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Sandwich clips

Sandwich Clamp Tool

Sandwich clips


Sandwich clips

    Sandwich attacks are one of the popular pre-emptive trading techniques used in DeFi. In order to form a "sandwich" trade, the attacker (or predatory trader, as we call him) finds a pending victim trade and then tries to sandwich the victim with a back-and-forth trade. This strategy is derived from the method of buying and selling assets and thus manipulating their prices.

    The transparency of the blockchain, and the delay in executing orders (often with network congestion), makes it easier to preempt transactions and greatly reduces their security.

    All blockchain transactions are available in the memory pool (mempool). Once predatory traders notice that a potential victim's pending asset X transaction is used for asset Y, they buy asset Y before the victim does. predatory traders know that the victim's transaction will raise the price of the asset, and thus plan to buy asset Y at a lower price, allowing the victim to buy it at a higher price, and then finally sell the asset at a higher price.

Sandwich attack analysis

    The idea is simple and easy to implement. While some data suggests that professional predatory traders earn roughly $4,000 per day from plundering, there are a variety of actual operational techniques, follow our analysis to see exactly how the sandwich attack can be implemented. Before we begin, we briefly explain 6 small related concepts.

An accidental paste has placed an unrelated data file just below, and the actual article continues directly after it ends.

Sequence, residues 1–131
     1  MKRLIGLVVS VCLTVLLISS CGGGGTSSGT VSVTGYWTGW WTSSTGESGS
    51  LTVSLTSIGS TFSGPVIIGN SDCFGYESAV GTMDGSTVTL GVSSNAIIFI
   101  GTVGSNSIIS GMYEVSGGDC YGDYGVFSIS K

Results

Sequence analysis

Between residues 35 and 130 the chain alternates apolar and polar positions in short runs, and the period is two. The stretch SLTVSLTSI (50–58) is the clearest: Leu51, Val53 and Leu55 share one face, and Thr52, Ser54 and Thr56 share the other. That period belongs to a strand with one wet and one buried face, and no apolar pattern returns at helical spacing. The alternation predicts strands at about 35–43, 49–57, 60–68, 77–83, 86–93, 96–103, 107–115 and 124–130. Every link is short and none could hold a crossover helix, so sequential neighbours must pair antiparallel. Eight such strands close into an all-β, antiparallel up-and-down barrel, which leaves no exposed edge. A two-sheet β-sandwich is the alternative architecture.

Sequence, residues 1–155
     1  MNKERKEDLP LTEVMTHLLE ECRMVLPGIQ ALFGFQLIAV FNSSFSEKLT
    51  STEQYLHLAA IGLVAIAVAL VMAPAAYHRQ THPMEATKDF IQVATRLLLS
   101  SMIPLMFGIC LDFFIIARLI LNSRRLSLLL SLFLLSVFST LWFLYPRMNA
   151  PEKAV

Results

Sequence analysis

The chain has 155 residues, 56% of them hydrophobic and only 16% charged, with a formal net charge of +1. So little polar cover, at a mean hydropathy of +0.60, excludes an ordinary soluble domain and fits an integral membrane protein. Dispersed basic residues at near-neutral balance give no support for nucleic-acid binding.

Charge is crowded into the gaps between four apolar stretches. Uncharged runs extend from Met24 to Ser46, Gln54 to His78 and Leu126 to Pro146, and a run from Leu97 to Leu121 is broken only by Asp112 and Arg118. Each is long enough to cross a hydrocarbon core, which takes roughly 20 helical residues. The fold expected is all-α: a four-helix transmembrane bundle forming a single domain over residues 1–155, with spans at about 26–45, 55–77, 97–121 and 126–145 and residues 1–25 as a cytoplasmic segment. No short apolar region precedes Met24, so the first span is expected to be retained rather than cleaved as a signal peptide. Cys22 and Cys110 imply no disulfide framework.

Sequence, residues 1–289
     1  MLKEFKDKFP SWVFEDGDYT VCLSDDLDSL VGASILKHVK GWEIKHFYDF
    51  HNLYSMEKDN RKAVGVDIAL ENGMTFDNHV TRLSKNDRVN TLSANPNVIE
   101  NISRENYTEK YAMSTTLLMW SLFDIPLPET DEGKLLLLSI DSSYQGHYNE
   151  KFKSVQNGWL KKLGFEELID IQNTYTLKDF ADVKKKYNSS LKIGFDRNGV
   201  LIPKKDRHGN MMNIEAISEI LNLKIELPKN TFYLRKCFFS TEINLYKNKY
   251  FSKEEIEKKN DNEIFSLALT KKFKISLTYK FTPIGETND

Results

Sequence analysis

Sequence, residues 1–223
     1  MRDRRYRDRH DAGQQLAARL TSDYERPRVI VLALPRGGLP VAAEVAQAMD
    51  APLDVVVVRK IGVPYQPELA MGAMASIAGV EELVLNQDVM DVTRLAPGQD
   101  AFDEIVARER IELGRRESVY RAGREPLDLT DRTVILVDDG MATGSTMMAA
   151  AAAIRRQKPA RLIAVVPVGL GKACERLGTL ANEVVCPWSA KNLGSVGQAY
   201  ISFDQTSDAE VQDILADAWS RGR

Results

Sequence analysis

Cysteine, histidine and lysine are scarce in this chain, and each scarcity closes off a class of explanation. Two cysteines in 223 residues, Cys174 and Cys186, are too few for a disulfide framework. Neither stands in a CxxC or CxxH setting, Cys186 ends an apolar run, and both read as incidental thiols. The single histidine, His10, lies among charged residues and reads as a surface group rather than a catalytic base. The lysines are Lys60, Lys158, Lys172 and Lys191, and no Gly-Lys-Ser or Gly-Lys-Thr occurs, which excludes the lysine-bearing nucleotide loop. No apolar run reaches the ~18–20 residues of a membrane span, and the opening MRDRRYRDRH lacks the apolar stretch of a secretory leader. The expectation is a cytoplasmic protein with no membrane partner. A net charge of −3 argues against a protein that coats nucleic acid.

Automatic Market Maker (AMM)

    This is a predefined pricing algorithm that automatically performs price discovery and market making based on the assets in the liquidity pool. The automated market maker runs the liquidity provider (LP) to follow and follow the market and then sets the bid price ask price, and the liquidity recipient in turn trades with the automated market maker.

Price Slippage

    This is the change in the price of the asset during the trading process. Price slippage is predicted based on the number of assets traded and the available liquidity. The more assets traded, the higher the expected slippage will be. The expected slippage will be calculated prior to the trade.

Unexpected price slippage is a price increase or decrease that occurs during the course of a trade for some unknown or unpredictable reason.

Expected execution price

    The expected price is calculated based on the AMM algorithm and the X/Y state. This is the price that liquidity recipients expect when they start trading.

Executive Price

    The time required to execute a transaction may significantly change the expected execution price and the state of the AMM market.

Unexpected price slippage

    The difference between the execution price and the expected execution price.

Accidental Slippage Rate

    Unexpected slippage in excess of expected prices.

    For example, the liquidity taker wants to trade 1X for 20Y at a price of 0.05 Y units. the trade takes some time and when it is finally executed, the price may have changed and is now 0.1 Y units. At this price, the liquidity taker can only buy 10Y for 1X. The unexpected slippage is 0.05 (0.1 ? 0.05). On the other hand, if the execution price drops to 0.25 Y units, the liquidity taker can now buy 40 Y for 1 X. The unexpected slippage here is -0.15 (-0.25 - 0.1).


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